Acting Out Dreams and Parkinson’s

Actor Alan Alda’s recent announcement that he’s living with Parkinson’s disease (PD) brought the disease into the public eye. But what caught many people’s attention was what led him down the path to diagnosis: acting out his dreams, or REM sleep behavior disorder (RBD). This sleep condition is a lesser-known symptom of Parkinson’s that, in some people, can precede movement symptoms (tremor, stiffness, slowness) and diagnosis by years or even decades.

What Is REM Sleep Behavior Disorder?
In REM sleep behavior disorder, a person acts out their dreams. Because these dreams often involve being chased or attacked, people will yell, punch, kick or even leap out of bed.

REM is the period of sleep during which we dream. Normally, the brain inhibits muscle movement during this time. In RBD, the brain pathways that suppress muscle activity are disrupted, and people are able to move to act out their dreams.

How Is RBD Diagnosed?
The diagnosis of RBD rests on your story and a sleep test. A sleep doctor will ask you and your bedpartner about behaviors during sleep. An overnight sleep study records brain waves and muscle activity while you sleep and may also include taking a video to show you acting out your dreams.

REM is the period of sleep during which we dream. Normally, the brain inhibits muscle movement during this time. In RBD, the brain pathways that suppress muscle activity are disrupted, and people are able to move to act out their dreams.

What Is the Treatment for RBD?
If RBD causes injury or poses risks of harm to you or your bedpartner, your doctor may suggest medication and safety measures. Some medications (such as certain antidepressants or pain drugs) can cause RBD, so your doctor may change those medicines before adding another.

Commonly prescribed medications for RBD are clonazepam and melatonin. Clonazepam can cause confusion and falls, so doctors prescribe it cautiously in people with memory and thinking changes or walking and balance problems.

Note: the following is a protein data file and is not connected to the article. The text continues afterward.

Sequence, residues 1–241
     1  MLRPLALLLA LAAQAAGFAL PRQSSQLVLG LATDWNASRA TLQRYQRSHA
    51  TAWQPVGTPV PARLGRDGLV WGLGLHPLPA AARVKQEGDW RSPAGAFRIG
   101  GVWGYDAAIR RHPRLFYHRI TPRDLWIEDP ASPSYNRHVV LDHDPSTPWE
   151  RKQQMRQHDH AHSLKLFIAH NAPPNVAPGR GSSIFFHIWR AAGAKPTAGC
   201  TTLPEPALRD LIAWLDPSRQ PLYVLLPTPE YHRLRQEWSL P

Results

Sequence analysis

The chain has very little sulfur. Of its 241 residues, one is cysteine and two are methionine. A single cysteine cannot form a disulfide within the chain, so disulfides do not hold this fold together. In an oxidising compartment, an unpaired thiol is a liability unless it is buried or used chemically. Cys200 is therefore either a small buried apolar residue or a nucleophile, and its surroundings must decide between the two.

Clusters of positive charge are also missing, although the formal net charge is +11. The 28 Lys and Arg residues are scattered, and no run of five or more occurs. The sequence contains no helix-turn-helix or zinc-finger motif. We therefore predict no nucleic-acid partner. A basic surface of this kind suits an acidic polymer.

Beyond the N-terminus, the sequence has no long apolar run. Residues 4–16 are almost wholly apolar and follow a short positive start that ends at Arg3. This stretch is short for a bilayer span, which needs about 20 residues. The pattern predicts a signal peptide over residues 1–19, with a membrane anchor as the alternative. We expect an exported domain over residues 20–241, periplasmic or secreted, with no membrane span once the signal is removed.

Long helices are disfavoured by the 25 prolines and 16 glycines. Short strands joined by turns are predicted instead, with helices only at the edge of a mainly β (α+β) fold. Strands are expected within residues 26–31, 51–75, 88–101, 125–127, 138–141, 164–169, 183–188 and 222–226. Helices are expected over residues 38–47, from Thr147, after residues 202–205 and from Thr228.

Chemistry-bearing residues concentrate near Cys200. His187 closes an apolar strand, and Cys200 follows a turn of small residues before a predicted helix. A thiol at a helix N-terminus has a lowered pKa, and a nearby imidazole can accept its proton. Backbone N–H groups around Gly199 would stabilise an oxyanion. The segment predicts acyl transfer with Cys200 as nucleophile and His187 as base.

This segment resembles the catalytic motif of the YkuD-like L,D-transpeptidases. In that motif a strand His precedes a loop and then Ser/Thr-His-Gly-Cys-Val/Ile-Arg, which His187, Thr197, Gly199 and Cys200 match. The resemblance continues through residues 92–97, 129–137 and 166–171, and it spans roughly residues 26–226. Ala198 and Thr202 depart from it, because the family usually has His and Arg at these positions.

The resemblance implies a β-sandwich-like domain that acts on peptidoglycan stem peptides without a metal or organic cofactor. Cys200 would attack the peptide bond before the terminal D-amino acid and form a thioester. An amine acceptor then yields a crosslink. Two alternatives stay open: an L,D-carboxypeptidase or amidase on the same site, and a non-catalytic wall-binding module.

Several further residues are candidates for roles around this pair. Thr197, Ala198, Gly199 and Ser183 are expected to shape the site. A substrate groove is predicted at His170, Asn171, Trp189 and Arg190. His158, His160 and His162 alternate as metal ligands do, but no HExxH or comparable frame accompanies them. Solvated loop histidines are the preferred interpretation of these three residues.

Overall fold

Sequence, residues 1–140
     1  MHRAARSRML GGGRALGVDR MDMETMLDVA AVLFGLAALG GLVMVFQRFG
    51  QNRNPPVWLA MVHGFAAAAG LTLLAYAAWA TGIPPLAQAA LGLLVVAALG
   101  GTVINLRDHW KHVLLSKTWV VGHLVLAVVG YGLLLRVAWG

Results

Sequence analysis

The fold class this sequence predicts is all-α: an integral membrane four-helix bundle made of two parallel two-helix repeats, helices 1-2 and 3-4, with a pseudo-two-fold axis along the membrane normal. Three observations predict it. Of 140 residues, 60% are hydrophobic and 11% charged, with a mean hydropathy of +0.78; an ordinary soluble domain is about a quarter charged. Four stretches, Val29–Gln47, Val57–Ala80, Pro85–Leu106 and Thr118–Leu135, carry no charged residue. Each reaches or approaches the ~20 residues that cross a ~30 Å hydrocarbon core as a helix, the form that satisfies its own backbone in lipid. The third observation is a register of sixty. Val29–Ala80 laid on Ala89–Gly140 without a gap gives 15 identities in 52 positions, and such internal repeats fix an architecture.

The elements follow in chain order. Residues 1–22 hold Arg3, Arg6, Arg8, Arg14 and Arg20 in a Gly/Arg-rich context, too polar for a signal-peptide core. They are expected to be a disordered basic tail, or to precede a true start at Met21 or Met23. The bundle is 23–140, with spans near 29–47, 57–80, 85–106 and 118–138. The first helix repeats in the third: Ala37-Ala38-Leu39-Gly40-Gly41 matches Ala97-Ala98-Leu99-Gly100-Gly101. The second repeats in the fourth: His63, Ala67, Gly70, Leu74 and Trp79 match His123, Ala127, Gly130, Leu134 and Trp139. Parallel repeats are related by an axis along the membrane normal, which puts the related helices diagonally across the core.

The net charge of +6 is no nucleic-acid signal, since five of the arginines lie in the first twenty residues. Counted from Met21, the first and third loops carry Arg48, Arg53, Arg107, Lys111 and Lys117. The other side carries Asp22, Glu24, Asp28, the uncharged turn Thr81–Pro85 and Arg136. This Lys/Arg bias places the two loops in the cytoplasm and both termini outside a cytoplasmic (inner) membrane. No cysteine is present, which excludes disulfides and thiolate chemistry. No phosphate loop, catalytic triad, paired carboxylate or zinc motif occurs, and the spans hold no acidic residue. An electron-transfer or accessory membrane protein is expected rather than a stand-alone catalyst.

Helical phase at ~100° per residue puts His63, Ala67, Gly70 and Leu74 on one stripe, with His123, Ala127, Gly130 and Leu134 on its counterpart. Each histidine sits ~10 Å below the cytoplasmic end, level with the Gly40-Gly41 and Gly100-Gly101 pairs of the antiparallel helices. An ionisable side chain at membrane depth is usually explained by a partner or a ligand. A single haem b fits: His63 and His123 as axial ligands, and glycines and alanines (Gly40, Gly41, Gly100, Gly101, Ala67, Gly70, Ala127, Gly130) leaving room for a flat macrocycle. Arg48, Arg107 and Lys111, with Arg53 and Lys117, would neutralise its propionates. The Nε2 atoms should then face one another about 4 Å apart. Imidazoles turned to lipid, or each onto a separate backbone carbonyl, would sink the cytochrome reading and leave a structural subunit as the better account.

Safety measures may include adding a bed rail, padding corners of furniture, and removing potentially dangerous objects (such as guns or sharp objects) from the bedroom. Sometimes the bedpartner may need to sleep in a separate room until RBD is controlled.

How Is RBD Connected to Parkinson’s Disease?
Sleep problems, including RBD, are common in people who’ve been diagnosed with Parkinson’s. But studies suggest that REM sleep behavior disorder also can be one of the first symptoms of PD, occurring years before motor symptoms. (Other possible early signs include constipation, depression and smell loss.) These studies demonstrate a strong link between having RBD and later being diagnosed with Parkinson’s or related conditions such as dementia with Lewy bodies or multiple system atrophy, which have PD symptoms. Not everyone with RBD goes on to develop PD, though.

What if I Have RBD?
If you act out your dreams, talk to your doctor. Other sleep problems may mimic RBD, so it’s important for a sleep specialist to confirm the diagnosis. If you do have RBD, you may want to see a movement disorder specialist (a neurologist with expertise in Parkinson’s and other movement disorders) who can check for Parkinson’s motor symptoms and talk through your risk of developing PD or related conditions. Your movement disorder specialist may recommend regular visits to repeat the examination and monitor for changes.